OR WAIT null SECS
Specific genetic mutations have been discovered that may point to a significant chance of relapse in children with acute lymphoblastic leukemia (ALL).
Specific genetic mutations have been discovered that may point to a significant chance of relapse in children with acute lymphoblastic leukemia (ALL). The findings, published online on Jan. 7, will appear in the Jan. 29 issue of the New England Journal of Medicine.
The research was spearheaded by researchers from St. Jude Children's Research Hospital, Memphis, Tenn., the University of New Mexico Cancer Research and Treatment Center, Albuquerque, N.M., and the National Cancer Institute (NCI). The Children's Oncology Group (COG) assessed genetic data on leukemia cells obtained at diagnosis from 221 children with high-risk leukemia (ie, a high chance of relapse) who were treated in another COG study. Analysis involved microarrays and DNA sequencing. Investigators evaluated the DNA of the leukemia cells at diagnosis and then assessed whether any identified genetic changes predicted relapse. To confirm that specific genetic changes were associated with relapse, the scientists also examined a second group of 258 children from St. Jude’s with ALL.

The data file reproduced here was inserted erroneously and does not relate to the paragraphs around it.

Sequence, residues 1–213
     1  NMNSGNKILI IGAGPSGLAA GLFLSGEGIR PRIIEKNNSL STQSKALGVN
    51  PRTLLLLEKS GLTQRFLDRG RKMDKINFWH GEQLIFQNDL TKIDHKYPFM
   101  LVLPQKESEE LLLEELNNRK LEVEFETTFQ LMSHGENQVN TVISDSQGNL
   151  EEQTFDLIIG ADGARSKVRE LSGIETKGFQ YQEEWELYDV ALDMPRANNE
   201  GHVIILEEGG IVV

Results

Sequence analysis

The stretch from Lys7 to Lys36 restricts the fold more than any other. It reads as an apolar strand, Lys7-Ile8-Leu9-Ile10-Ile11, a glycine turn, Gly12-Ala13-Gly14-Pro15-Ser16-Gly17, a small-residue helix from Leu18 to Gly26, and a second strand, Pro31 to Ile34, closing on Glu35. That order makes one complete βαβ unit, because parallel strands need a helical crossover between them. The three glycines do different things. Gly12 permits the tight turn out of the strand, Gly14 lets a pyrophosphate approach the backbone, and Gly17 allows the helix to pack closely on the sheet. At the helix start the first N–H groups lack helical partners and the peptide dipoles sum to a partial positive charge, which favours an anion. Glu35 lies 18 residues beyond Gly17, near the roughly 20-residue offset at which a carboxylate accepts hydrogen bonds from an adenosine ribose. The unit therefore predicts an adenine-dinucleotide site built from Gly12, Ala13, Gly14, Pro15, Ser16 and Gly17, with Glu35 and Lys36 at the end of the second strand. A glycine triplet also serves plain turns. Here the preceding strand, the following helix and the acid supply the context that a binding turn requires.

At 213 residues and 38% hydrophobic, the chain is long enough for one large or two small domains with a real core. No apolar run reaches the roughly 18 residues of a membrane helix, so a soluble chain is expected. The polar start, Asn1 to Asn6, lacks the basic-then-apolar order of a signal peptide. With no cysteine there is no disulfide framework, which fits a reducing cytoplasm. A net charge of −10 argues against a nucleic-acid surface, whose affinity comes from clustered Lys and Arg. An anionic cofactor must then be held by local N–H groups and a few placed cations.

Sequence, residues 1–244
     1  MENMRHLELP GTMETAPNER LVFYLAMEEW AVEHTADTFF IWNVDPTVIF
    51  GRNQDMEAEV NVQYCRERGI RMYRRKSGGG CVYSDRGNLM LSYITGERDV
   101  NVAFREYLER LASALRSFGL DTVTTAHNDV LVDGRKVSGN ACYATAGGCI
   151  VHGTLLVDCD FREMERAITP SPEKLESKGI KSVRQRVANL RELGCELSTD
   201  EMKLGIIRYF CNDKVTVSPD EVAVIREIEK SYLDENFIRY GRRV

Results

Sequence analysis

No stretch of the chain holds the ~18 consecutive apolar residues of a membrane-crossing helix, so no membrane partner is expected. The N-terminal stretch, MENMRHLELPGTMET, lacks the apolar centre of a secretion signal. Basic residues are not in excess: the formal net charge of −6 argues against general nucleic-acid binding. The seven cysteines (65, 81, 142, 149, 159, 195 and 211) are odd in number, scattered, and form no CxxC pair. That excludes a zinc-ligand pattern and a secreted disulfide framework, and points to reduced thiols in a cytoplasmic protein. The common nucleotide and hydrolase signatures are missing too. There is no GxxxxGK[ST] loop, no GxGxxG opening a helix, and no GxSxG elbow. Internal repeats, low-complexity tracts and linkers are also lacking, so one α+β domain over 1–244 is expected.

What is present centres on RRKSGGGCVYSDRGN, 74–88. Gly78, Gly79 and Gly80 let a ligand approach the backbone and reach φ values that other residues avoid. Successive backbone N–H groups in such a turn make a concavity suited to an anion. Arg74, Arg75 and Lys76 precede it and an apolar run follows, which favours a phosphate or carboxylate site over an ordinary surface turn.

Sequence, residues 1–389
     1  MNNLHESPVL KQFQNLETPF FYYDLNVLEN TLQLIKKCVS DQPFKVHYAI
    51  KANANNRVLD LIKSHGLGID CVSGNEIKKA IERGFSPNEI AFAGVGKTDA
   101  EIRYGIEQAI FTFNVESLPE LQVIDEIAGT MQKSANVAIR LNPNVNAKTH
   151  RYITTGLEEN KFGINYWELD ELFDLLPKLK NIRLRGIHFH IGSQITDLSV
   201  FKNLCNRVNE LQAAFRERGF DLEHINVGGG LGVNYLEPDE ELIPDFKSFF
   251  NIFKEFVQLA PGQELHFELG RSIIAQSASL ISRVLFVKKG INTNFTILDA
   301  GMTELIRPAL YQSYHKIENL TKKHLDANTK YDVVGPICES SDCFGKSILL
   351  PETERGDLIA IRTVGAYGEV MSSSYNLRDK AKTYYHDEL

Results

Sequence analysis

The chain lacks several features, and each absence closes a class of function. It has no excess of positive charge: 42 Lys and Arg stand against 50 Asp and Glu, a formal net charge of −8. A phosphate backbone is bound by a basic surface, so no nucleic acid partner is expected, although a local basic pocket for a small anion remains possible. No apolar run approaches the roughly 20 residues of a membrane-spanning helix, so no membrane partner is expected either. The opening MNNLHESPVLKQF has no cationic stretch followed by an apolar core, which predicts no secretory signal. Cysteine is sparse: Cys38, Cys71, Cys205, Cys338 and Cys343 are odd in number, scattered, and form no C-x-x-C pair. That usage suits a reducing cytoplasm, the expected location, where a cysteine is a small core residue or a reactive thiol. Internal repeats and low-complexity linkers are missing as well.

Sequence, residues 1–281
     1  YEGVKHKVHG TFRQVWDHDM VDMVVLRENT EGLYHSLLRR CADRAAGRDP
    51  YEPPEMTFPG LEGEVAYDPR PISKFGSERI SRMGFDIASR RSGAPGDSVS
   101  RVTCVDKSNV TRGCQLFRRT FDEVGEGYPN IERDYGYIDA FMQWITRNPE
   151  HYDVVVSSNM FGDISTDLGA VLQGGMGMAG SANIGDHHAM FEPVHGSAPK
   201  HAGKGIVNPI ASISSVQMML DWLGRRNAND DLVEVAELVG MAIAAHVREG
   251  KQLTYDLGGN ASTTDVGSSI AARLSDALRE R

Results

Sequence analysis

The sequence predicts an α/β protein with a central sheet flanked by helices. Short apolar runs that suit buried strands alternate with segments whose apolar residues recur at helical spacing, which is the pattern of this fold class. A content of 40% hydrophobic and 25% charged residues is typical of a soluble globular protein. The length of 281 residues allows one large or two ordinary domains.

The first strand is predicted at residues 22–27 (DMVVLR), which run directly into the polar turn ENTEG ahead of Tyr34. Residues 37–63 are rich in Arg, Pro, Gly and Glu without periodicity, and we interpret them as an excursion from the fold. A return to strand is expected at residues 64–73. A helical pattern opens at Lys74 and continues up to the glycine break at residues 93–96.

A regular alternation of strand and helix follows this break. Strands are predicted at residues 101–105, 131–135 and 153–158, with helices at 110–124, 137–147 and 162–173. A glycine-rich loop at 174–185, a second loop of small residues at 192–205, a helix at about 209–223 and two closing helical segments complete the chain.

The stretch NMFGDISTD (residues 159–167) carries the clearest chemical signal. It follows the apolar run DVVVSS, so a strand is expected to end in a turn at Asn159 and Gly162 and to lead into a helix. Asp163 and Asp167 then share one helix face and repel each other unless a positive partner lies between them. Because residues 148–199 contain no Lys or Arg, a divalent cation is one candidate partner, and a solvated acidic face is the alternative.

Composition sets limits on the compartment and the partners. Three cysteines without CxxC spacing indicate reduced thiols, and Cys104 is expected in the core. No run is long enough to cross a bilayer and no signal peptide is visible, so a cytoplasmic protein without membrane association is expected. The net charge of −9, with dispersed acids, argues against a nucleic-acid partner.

A significant association was found with changes in the IKAROS gene. IKAROS mutations matched up with a subgroup of patients treated in the COG study that had poor prognosis. The significance of these alterations was validated in the independent St. Jude patient group.
"Great progress has been made in recent years in improving the cure rate of childhood ALL,” Stephen Hunger, MD, lead COG investigator, said. “The findings of this study help us further subdivide those patients who are unlikely to be cured, and identify patients in whom different therapies should be tested.”
Researchers warn that more analysis is needed to assess how alterations in the gene, known as IKZF1 or IKAROS, result in leukemia relapse. Such findings may lead to diagnostic testing in the future to measure treatment failure risk. This type of testing to track this genetic marker in ALL patients would enable physicians to more accurately assign patients to the best therapies.